Access to higher education can be a big factor in enjoying a healthy life, says Michael Marmot
With all the talk around the Higher Education Bill, it is worth remembering that among the benefits of education may be its possible health effects. In my book Status Syndrome , I posed the question: "Why should educated people with good stable jobs have a higher risk of dropping dead than people with a bit more education and slightly higher-status jobs?" Do small increments of education really matter so much?
They appear to. The Swedish sociologist Robert Erikson showed that people with a PhD had longer life expectancy than people with a masters degree or professional education. They, in turn, could expect longer lives than graduates with a bachelors, and so on down the hierarchy.
There are several ways to interpret this finding. Let's focus on two. If more people had masters degrees or PhDs, their health would improve.
Conclusion: widen access to higher education and, in particular, second degrees. Alternatively, Erikson's findings could be part of the more general status-syndrome phenomenon. However it is defined, there will be social hierarchies and these will be related to differences in health.
Conclusion: widening access will make no difference to length of life since the social hierarchy will emerge in a different way, for example, in whether you were at an elite university or not; it is position in the hierarchy that is important.
It may not seem possible, but both conclusions are correct. Education matters, but so does position in the hierarchy. Asking why education matters for health can help us to understand what we want out of our educational system. The link is subtle, which makes it fairly easy to rule out health literacy as an explanation: it cannot be that people with PhDs have 50 per cent lower mortality than those with "only" a masters because the PhDs are so much better at reading product labels or health news.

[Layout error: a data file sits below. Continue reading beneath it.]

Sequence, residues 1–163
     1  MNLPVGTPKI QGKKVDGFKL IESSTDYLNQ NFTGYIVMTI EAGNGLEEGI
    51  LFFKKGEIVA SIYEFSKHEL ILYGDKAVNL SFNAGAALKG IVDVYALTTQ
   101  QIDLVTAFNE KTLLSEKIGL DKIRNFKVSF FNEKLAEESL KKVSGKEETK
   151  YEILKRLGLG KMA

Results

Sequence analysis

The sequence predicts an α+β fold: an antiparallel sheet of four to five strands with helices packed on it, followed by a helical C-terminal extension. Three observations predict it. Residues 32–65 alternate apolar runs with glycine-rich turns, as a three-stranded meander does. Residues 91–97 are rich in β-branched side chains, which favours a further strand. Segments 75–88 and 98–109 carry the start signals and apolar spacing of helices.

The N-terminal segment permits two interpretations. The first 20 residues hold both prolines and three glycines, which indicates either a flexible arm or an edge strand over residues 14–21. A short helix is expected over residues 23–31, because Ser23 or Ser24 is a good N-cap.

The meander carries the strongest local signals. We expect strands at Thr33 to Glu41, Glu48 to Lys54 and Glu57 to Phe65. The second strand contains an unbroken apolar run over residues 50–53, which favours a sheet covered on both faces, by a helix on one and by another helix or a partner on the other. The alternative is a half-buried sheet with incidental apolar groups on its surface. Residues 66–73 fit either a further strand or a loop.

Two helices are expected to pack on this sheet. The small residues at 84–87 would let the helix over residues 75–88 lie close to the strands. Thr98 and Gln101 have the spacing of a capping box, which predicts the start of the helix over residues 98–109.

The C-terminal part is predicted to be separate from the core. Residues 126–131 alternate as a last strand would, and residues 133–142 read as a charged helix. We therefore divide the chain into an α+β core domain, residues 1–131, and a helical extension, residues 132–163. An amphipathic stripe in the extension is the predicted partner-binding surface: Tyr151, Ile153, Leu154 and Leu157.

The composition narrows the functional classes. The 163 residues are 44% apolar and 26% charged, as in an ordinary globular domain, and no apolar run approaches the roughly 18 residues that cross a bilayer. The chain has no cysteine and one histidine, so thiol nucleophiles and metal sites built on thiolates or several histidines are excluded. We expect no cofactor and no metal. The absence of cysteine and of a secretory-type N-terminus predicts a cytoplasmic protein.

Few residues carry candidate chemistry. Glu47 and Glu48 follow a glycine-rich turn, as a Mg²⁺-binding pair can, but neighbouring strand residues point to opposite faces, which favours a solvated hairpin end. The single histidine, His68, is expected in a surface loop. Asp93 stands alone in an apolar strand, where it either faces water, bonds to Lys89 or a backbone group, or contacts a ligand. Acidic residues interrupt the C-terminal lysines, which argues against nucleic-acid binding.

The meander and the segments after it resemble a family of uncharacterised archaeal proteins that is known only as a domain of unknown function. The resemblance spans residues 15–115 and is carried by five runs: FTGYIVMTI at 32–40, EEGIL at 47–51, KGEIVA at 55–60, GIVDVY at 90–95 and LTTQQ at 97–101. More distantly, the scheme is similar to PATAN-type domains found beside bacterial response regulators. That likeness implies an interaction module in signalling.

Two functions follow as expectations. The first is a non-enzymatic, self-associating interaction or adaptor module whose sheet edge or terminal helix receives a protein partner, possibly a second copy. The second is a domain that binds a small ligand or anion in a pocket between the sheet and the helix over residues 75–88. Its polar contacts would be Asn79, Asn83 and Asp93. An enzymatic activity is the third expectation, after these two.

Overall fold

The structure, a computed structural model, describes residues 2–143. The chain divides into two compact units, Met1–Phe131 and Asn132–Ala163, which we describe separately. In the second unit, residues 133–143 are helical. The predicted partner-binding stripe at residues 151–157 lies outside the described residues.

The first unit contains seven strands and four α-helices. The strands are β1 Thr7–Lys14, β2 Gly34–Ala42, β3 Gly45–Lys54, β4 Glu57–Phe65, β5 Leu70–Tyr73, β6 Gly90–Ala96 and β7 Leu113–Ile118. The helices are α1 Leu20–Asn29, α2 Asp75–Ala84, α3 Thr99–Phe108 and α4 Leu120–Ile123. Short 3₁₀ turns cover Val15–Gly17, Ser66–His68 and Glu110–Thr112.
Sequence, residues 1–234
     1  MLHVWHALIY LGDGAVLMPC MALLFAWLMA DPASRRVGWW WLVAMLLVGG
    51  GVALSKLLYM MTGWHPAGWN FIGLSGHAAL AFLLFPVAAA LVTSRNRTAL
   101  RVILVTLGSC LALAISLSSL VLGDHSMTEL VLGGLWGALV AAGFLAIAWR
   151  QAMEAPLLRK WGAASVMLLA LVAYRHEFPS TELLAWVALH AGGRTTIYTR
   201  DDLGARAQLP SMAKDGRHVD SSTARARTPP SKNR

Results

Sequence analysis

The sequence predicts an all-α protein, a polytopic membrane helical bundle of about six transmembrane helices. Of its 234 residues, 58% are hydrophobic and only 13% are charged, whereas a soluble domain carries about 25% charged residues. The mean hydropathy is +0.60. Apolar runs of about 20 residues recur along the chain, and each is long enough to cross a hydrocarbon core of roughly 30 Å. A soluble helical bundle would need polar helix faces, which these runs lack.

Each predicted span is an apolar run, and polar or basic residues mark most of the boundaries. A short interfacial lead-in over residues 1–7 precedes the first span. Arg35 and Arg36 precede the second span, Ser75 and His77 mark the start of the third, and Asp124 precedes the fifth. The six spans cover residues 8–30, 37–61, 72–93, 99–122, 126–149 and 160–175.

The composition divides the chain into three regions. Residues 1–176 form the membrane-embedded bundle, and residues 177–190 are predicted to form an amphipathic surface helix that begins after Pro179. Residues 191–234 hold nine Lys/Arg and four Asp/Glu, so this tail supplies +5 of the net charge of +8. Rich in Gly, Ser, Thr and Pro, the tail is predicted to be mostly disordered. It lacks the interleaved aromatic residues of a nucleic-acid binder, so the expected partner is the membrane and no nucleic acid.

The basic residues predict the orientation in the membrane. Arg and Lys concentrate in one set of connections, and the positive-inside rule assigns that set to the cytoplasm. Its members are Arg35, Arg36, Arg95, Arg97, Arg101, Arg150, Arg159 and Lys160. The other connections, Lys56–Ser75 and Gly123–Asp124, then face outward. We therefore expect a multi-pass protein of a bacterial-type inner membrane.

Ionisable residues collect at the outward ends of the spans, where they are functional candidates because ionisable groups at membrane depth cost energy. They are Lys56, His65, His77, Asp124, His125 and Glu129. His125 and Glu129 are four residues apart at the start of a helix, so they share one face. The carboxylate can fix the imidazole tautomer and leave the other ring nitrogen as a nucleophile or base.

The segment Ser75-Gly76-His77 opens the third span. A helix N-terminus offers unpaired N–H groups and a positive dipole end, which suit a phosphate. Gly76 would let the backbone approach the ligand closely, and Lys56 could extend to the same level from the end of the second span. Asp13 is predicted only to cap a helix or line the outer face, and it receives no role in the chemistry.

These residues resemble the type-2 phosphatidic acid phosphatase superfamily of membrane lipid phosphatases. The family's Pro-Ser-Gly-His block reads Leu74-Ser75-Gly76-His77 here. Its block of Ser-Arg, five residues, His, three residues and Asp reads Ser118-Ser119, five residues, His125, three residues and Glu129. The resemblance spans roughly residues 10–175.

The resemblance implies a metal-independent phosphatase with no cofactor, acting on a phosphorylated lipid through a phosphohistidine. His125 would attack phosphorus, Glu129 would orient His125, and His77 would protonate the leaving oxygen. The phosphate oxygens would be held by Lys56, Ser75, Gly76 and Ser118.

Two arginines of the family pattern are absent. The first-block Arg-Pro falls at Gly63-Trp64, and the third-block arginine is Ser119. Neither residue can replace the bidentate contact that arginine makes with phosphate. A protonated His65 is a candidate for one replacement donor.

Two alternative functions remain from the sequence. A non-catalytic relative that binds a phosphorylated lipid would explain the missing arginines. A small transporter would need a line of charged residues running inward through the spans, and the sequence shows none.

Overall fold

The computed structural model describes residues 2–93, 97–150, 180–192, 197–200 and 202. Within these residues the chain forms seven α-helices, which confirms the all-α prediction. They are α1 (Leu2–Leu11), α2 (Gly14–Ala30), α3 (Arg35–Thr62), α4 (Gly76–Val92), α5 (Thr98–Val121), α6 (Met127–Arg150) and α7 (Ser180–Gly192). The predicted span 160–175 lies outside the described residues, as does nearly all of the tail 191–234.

Besides, we see gradients in health in non-human primates whose level of health literacy is shockingly poor.
Two other explanations are relevant to the question of what we want from education. A body of evidence from humans and non-human primates suggests that place in the hierarchy is closely linked with the ability and opportunity to satisfy deep human needs. Crucial among these are the ability to exert control over one's life and to have opportunities for full engagement in society. For example, in the Whitehall II study that I am leading, we have shown that British civil servants with low control over their work had higher risk of coronary heart disease, mental illness, back pain and sickness absence than those with more control. A wealth of studies shows that low social supports are related to increased risk of illness and of death.
Education, then, may improve health both because it leads to higher positions in the hierarchy and because it is likely to arm people with what they need to exert more control over their lives and to participate fully in society.
As a second explanation, we should also ask whether it is the PhD degree which ensured better health, or if the person who got the PhD was both destined for a PhD and better health. This brings us back to early life. As a university teacher, I am rightly exercised by what is happening in our universities. The evidence shows, however, that the social gradient in health is affected not only by what people experience in adult life but by earlier life experiences. The strong relation between parental background and children's performance in schools suggests that the right time to intervene to start to reduce the effects of status on health is in early childhood.
But if I had to choose between investing in early childhood development or university education, I'd say spend less on defence or raise taxes.
Investing in early child development has to take its place alongside widening access to high-quality higher education if we want people to have the maximum opportunity to flourish with a high degree of control over their lives and full participation in society.
Michael Marmot is professor of epidemiology and public health and director of the International Centre for Health and Society at University College London. His book Status Syndrome is published by Bloomsbury, £12.99.